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APGAP US Review 1
FRQ:
Federalist 51
Shay’s Rebellion
3/5 Compromise (or Connecticut
Compromise)
Ratification
Federalists
Elite theory
Bill of Rights
Pluralist theory
The Great Compromise
Articles of Confederation
(1) The government has become
much more bureaucratic, which
divides power among people and
fragments the existing power
structure. The original system of
checks and balances was intended
for three groups – Congress, the
President, and the Judicial Branch.
As parties have gained prevalence
and power, their presence is
disbursed among the three branches,
so there may be more or less
incentive (depending on the partisan
makeup of Congress and the
President) to check the power of
each branch. Bureaucratic agencies
have become middlemen with their
own shares of power and unelected
positions, so there is less incentive
for them to check the power of any
branch unless it suits them. The
President is more powerful and
visible than ever before, so his/her
power to check and be checked
depends on the partisan makeup of
the sitting Congress. Primary
elections (which have only existed
since the early 20th century), have
made all elections more competitive
and more direct – the people choose
who runs as well as who wins.
(2) Separation of Powers gives
Congress, the President, and the
Judicial Branch their own spheres of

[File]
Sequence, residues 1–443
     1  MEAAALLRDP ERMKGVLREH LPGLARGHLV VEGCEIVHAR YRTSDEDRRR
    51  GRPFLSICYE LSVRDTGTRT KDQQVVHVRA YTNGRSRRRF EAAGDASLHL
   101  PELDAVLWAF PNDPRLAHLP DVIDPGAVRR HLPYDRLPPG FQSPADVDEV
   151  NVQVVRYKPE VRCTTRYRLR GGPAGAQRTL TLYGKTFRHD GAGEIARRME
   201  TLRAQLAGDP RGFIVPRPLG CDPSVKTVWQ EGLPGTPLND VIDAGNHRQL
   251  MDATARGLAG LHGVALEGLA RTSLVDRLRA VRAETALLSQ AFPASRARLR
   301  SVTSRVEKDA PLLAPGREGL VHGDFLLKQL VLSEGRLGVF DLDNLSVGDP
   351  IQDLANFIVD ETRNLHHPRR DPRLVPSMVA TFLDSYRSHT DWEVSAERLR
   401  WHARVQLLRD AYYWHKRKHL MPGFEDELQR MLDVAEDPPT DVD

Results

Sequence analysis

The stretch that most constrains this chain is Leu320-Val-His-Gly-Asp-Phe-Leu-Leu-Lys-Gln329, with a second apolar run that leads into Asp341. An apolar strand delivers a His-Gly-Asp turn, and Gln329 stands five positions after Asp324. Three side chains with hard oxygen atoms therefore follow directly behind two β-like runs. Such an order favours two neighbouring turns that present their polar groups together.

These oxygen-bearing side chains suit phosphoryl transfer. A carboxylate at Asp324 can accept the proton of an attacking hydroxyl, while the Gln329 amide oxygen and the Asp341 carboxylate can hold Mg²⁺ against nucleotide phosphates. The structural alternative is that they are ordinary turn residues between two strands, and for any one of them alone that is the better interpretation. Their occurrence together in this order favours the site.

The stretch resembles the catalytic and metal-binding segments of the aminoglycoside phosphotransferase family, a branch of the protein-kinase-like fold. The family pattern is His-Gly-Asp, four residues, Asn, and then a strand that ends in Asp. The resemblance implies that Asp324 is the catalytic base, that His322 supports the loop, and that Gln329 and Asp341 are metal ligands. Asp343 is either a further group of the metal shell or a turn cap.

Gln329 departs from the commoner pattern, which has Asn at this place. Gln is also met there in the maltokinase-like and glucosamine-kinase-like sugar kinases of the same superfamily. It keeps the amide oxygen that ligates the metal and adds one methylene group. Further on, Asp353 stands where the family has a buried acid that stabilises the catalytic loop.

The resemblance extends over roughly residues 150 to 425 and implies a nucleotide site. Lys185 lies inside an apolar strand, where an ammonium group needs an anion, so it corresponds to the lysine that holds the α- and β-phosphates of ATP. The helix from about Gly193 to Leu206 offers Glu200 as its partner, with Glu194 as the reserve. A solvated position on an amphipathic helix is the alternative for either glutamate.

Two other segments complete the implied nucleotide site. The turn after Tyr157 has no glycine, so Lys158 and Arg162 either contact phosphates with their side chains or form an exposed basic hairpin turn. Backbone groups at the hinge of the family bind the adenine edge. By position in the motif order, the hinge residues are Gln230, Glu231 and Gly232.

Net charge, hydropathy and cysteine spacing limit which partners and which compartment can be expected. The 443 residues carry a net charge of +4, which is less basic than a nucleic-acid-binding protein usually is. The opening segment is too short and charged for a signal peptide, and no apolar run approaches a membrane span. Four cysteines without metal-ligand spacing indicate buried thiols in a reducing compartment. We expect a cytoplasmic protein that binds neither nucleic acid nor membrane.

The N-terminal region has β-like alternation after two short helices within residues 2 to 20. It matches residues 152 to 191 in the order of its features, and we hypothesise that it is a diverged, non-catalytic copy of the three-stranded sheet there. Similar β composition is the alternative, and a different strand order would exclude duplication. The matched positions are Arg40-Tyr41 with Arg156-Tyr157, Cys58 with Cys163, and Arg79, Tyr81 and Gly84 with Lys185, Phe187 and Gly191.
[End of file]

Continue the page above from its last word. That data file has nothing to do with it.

influence. Partisan politics, however,
leads to divided government when
different parties win control of
different branches. This results in
gridlock, which stymies the policymaking process. No individual
branch can accomplish anything
when the other branches strive to
stop them at every turn.
APGAP US Review 2
FRQ:
Free enterprise
Alexis de Tocqueville
Conflicting political culture
Political tolerance
Rule of law
Consenting political culture
Core American values
Political culture
Political efficacy
Rugged individualism
Second Bill of Rights
(1) Participation includes: running
for office, working for a
candidate/party, writing to a political
official, discussing political issues,
donating to a PAC, registering people
to vote, etc.
(2) Voter registration is important
because it has to be self-initiated. The
percentage of registered voters who
turn out to vote is high, so it follows
to reason that if more people were
registered, more people would turn
out to vote, too.
(3) Political culture and political
participation are tied together. In a
political climate that is open (i.e. one
with an active civil society), people
have more incentive to be active,
speak up, vote, etc.
APGAP US Review 3
FRQ:
Grassroots politics
Political competence
McGovern-Fraser Commission
Universal Manhood Suffrage
Democratic-Republicans
Gridlock
Linkage institutions
Winner-take-all
Divided government
New Deal Coalition
(1) Lobbyists provide critical
information to members of Congress,
which is aimed at influencing them to